2. However, when I pointed out that the kind of society in which we live necessarily involves a tendency towards the infinite exhaustion of resources, Ms. Gamk did not respond. Now, this lack of response can be interpreted in various ways. Perhaps she would reconsider her position–and respond later. However, there is no such response from her despite three days having passed. Or she considers my response incomprehensible. If so, she should have asked for clarification–which she did not. Or she chose to simply ignore my response and ignore the need to connect up the fact of limited resources on this planet and the tendential infinite process characterized by an economy–which contradicts the finite nature of the world on which and through which we live.Given the fact that Ms. Gamk did not respond, I choose to interpret her silence as an indication of her failure to connect up the result of diminishing resources on this planet with this tendential process (which I have briefly indicated on my blog on the page The Money Circuit of Capital; I also tend to believe that she probably fails to link up the  result of homes being empty and not being used despite a lack of adequate housing here in Toronto, Ontario, Canada, with the process of producing those homes.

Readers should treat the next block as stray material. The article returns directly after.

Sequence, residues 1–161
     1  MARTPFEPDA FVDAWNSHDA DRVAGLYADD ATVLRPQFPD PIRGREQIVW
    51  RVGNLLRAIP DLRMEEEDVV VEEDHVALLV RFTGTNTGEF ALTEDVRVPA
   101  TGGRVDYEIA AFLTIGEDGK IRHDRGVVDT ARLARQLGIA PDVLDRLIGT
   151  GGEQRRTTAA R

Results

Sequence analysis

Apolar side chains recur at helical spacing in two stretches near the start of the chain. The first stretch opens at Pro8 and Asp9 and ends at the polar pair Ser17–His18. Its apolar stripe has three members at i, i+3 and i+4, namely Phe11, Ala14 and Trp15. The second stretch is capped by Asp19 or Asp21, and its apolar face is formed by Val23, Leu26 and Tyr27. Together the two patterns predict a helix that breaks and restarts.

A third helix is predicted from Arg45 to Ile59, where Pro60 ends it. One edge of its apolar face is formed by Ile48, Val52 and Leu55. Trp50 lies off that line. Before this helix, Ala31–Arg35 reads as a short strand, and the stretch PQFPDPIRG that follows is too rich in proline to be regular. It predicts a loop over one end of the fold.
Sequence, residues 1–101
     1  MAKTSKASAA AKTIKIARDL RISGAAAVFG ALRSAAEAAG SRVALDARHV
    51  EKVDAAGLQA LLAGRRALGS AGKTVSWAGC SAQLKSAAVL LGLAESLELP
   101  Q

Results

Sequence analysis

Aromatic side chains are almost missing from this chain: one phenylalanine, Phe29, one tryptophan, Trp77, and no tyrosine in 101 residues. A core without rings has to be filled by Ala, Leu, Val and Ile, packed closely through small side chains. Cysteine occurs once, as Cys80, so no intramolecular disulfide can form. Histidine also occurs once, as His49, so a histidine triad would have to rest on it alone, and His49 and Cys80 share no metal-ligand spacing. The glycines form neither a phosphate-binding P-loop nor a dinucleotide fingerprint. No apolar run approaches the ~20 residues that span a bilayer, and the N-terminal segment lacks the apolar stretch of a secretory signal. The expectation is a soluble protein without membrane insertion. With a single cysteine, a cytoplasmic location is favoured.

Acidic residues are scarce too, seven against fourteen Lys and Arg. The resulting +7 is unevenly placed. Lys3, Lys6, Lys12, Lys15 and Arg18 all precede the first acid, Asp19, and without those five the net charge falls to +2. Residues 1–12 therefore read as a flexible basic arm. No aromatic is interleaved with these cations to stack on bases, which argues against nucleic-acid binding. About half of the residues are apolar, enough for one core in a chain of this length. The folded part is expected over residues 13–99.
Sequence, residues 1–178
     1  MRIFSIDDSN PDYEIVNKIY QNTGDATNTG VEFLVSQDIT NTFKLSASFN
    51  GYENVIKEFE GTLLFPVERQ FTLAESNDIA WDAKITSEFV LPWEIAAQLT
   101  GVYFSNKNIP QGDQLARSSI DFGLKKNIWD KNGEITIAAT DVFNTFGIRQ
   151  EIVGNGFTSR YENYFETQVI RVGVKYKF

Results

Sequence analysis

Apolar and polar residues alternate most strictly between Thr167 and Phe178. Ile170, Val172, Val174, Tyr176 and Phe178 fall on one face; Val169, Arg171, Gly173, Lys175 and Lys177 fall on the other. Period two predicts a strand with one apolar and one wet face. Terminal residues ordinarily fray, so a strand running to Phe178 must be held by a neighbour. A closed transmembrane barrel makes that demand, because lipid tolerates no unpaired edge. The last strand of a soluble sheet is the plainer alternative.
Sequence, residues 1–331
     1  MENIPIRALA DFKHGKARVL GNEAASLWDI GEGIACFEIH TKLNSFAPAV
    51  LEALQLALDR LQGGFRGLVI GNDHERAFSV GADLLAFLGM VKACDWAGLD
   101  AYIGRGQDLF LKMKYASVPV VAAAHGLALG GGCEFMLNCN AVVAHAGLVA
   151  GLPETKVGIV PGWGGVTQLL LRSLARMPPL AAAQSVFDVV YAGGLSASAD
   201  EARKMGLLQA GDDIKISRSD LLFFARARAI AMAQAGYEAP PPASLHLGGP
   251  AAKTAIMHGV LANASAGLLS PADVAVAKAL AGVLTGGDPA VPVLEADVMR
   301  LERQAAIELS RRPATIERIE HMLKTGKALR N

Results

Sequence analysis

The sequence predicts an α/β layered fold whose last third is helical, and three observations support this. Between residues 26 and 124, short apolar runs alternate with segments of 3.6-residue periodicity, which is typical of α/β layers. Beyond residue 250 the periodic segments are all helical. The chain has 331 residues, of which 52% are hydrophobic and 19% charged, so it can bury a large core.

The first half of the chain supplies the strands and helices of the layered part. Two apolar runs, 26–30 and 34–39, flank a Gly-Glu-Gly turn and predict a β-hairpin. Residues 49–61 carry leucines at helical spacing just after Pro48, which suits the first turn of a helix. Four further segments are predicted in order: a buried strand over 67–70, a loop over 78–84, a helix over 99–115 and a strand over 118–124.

Her reference to treating sex work as a job as being okay if the person wants to do it but not okay if they are in poverty and have to do it in order to obtain money to live fails to address using the same logic to all jobs that involve working for an employer. She probably means by poverty a certain level of income; the use of this category to determine whether a person lives in poverty or not is shared by the social-democratic or social-reformist left. The use of level of income as the prime factor in defining what constitutes poverty certainly has its place in terms of level of consumption and the quality of life outside work; I too have had a lack of money to the extent that I had to apply for and receive social assistance temporarily. I also remember trying to find enough pennies in the apartment (when they existed) in order to be able to go to McDonalds to buy the relatively cheap coffee and muffin combination.